Microsoft Gets A Shot In the Arm From Chicago
Michael Harper for redOrbit.com — Your Universe Online
While they´ve yet to announce how well their latest software offerings performed over the usually lucrative holiday season, Microsoft has just landed quite the client for their cloud services.
According to a statement, the City of Chicago has announced they´ll begin adopting a “Cloud computing strategy for city-wide email and applications” via Microsoft.
This move will bring the city´s 30,000 employees underneath one cloud-based email umbrella. Currently, the Windy City internally manages 3 separate email systems. According to Mayor Rahm Emmanuel, consolidating to one, Windows-based system will save taxpayer dollars, somewhere to the tune of $400,000 a year.
“This strategy is an innovative solution for the City, making our operations more effective and secure and saving taxpayer money,” explained Mayor Emmanuel in the statement.
“We are leveraging new technologies to streamline and modernize the way we do business in order to provide the residents of Chicago with the best service at the best price, which has been a fundamental part of my approach as Mayor from the moment I took office.”
Chicago´s CIO Brett Goldstein also had his reasons for switching the city over to Microsoft for their email and cloud-based solutions, saying he expects the new system to offer better service and better functionality, all at a better price than their previous system.
“We need to be thinking like an enterprise,” explained Goldstein, speaking to Computer World.
“One of the things that drives me crazy is this idea of ‘good enough for government work’ — that is not OK,” said Goldstein.
“I am going to raise the bar really high — I don’t want people pointing to IT as ever inhibiting business, it should be enabling business.”
Though they don´t specifically mention what service they´ll be using, the city will likely be using a version of Office 365, Microsoft´s cloud-based enterprise solution. The new system will include both desktop applications and email services for all city departments. The city of Chicago hopes that bringing all of their services to Microsoft will help reduce outages, improve security and allow employees to connect with one another more easily.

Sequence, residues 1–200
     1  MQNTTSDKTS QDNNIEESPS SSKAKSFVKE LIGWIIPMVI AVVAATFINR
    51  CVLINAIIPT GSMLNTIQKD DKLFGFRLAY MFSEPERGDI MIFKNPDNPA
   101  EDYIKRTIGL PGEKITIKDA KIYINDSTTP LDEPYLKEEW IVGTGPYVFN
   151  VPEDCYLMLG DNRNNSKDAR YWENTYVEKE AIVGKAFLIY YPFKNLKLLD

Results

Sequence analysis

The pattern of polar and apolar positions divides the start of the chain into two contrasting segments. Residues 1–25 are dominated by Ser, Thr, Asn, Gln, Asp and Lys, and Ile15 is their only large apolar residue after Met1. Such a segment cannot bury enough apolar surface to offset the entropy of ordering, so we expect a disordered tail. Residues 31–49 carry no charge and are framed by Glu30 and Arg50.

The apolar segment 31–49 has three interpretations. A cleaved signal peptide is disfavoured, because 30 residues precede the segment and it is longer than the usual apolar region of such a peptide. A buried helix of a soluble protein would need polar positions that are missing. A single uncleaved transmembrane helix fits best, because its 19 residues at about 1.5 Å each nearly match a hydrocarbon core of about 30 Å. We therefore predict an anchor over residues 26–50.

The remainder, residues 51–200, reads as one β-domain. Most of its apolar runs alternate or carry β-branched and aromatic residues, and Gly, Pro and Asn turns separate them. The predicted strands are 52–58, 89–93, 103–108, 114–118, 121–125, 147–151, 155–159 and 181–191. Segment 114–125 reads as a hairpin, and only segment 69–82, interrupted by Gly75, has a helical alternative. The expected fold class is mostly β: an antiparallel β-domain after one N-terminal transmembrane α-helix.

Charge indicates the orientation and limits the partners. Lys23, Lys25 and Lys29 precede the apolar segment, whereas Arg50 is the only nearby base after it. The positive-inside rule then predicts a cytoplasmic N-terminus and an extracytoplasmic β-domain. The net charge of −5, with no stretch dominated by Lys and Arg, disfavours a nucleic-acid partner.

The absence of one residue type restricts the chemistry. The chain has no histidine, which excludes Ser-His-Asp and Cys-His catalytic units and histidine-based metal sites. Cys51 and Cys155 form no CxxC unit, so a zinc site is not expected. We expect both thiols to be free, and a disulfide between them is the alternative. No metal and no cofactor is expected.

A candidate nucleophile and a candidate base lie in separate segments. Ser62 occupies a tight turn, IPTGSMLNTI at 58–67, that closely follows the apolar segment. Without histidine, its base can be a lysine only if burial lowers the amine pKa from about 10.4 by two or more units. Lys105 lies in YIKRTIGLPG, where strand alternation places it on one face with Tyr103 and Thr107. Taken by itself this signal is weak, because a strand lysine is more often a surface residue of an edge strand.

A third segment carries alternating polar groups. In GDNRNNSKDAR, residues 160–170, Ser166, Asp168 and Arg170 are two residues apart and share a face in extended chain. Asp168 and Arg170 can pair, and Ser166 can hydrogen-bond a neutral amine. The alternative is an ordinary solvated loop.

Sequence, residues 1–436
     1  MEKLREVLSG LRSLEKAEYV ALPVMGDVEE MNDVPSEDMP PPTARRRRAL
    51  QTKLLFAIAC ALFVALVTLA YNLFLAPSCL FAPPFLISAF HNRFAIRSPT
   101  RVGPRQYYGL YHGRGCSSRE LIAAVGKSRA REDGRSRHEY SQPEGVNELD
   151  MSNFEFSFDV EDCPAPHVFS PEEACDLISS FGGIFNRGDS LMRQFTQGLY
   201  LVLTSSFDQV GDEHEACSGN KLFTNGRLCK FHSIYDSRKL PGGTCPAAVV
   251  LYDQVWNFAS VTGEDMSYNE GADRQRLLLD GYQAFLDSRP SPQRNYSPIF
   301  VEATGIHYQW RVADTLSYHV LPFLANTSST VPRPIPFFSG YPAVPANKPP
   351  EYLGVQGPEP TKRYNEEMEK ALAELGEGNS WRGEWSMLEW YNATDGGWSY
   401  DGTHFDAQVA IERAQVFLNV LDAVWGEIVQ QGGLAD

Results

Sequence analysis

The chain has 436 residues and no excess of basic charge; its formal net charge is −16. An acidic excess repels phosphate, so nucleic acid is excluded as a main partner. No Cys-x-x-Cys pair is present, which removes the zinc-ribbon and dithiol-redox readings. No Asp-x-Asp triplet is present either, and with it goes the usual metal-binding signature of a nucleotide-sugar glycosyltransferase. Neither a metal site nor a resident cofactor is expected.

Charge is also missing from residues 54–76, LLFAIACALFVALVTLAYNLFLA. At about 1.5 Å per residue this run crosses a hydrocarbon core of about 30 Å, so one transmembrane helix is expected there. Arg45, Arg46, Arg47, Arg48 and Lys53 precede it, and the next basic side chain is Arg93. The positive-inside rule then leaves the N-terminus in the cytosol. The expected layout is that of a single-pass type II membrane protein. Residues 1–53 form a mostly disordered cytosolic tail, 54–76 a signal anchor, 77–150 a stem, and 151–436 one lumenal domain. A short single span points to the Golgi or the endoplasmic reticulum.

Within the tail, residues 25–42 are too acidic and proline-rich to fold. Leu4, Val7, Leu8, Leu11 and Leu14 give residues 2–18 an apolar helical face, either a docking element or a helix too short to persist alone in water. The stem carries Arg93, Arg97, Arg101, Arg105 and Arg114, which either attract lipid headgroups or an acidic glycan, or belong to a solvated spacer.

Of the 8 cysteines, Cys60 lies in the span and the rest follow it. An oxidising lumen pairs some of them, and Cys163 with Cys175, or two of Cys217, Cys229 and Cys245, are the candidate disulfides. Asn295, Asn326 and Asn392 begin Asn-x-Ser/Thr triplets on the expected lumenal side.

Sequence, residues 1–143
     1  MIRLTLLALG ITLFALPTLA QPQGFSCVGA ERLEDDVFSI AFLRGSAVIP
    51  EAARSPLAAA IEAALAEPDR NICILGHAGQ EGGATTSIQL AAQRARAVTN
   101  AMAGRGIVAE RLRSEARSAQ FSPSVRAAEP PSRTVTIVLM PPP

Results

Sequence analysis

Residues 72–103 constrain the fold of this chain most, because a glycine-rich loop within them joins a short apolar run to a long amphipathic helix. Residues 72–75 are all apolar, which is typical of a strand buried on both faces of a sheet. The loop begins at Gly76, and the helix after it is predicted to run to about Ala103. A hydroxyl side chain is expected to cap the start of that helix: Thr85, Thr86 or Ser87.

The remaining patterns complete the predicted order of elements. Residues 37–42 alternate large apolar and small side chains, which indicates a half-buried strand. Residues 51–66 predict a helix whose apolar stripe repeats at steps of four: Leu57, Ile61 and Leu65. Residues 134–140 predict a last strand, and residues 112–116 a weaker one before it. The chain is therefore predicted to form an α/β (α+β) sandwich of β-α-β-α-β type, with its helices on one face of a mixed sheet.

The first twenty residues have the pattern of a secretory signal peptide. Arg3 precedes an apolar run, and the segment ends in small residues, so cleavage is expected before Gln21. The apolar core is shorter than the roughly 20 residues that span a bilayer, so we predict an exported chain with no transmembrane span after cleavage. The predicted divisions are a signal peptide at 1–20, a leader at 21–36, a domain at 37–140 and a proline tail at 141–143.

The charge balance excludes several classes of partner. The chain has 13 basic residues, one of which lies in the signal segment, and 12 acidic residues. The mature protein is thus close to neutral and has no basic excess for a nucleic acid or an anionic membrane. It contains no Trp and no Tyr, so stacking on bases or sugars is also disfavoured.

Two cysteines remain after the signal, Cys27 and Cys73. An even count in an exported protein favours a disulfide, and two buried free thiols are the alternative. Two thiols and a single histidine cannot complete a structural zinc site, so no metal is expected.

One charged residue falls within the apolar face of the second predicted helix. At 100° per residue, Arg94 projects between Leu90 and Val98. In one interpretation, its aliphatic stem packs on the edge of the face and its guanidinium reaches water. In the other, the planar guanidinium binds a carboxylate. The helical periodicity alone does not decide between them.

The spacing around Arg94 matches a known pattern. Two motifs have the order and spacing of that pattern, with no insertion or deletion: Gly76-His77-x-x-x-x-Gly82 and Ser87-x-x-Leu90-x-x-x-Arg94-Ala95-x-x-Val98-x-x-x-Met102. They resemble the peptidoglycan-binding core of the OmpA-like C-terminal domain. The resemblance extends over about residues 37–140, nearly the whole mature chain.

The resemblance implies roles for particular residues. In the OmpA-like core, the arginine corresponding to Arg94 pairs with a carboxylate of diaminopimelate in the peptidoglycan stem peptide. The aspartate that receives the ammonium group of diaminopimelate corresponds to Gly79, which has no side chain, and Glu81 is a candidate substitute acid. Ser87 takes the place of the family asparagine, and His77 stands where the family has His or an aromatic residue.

According to the statement, this move is another step to “modernize” their digital infrastructure and “foster data-driven innovation.” Chicago has already consolidated their IT operations this year by combining their libraries and non-emergency public safety IT under the Department of IT. This move, according to the city, “Decreases duplication across departments and allowing the City to be more effective.”
As Google continues to encroach upon Microsoft´s main money-making division, these kinds of contracts can help Microsoft not only continue in their profitability, but hopefully bring in new customers as well.
The US Department of Defense has also recently signed a contract with Microsoft to use their Windows 8 OS, as well as Office 2013 and SharePoint 2013. Though the city of Chicago never announced how long they plan to use Microsoft, the DoD has signed a 3-year contract, totaling $617 million.